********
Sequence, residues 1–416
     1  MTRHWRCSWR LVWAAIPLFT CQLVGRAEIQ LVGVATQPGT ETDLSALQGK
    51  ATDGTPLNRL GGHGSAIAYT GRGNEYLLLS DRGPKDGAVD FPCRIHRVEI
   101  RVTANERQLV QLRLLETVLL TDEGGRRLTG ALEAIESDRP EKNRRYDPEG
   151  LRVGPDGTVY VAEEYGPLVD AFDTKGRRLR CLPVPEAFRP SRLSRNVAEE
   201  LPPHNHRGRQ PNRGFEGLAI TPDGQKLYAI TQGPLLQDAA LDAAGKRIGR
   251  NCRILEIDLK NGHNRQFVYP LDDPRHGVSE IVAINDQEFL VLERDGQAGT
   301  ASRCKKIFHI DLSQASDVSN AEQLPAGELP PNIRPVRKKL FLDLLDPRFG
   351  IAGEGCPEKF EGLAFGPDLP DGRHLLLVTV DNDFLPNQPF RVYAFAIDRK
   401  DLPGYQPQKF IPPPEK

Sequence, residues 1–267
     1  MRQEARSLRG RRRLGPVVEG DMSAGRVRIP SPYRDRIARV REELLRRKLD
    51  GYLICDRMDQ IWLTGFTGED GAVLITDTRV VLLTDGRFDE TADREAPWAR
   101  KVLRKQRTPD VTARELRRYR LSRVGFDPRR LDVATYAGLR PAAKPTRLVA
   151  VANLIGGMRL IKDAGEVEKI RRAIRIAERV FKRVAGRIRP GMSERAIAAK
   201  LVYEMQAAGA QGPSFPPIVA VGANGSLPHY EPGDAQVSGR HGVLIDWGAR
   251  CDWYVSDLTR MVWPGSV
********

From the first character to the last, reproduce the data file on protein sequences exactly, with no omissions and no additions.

Sequence, residues 1–416
     1  MTRHWRCSWR LVWAAIPLFT CQLVGRAEIQ LVGVATQPGT ETDLSALQGK
    51  ATDGTPLNRL GGHGSAIAYT GRGNEYLLLS DRGPKDGAVD FPCRIHRVEI
   101  RVTANERQLV QLRLLETVLL TDEGGRRLTG ALEAIESDRP EKNRRYDPEG
   151  LRVGPDGTVY VAEEYGPLVD AFDTKGRRLR CLPVPEAFRP SRLSRNVAEE
   201  LPPHNHRGRQ PNRGFEGLAI TPDGQKLYAI TQGPLLQDAA LDAAGKRIGR
   251  NCRILEIDLK NGHNRQFVYP LDDPRHGVSE IVAINDQEFL VLERDGQAGT
   301  ASRCKKIFHI DLSQASDVSN AEQLPAGELP PNIRPVRKKL FLDLLDPRFG
   351  IAGEGCPEKF EGLAFGPDLP DGRHLLLVTV DNDFLPNQPF RVYAFAIDRK
   401  DLPGYQPQKF IPPPEK

Sequence, residues 1–267
     1  MRQEARSLRG RRRLGPVVEG DMSAGRVRIP SPYRDRIARV REELLRRKLD
    51  GYLICDRMDQ IWLTGFTGED GAVLITDTRV VLLTDGRFDE TADREAPWAR
   101  KVLRKQRTPD VTARELRRYR LSRVGFDPRR LDVATYAGLR PAAKPTRLVA
   151  VANLIGGMRL IKDAGEVEKI RRAIRIAERV FKRVAGRIRP GMSERAIAAK
   201  LVYEMQAAGA QGPSFPPIVA VGANGSLPHY EPGDAQVSGR HGVLIDWGAR
   251  CDWYVSDLTR MVWPGSV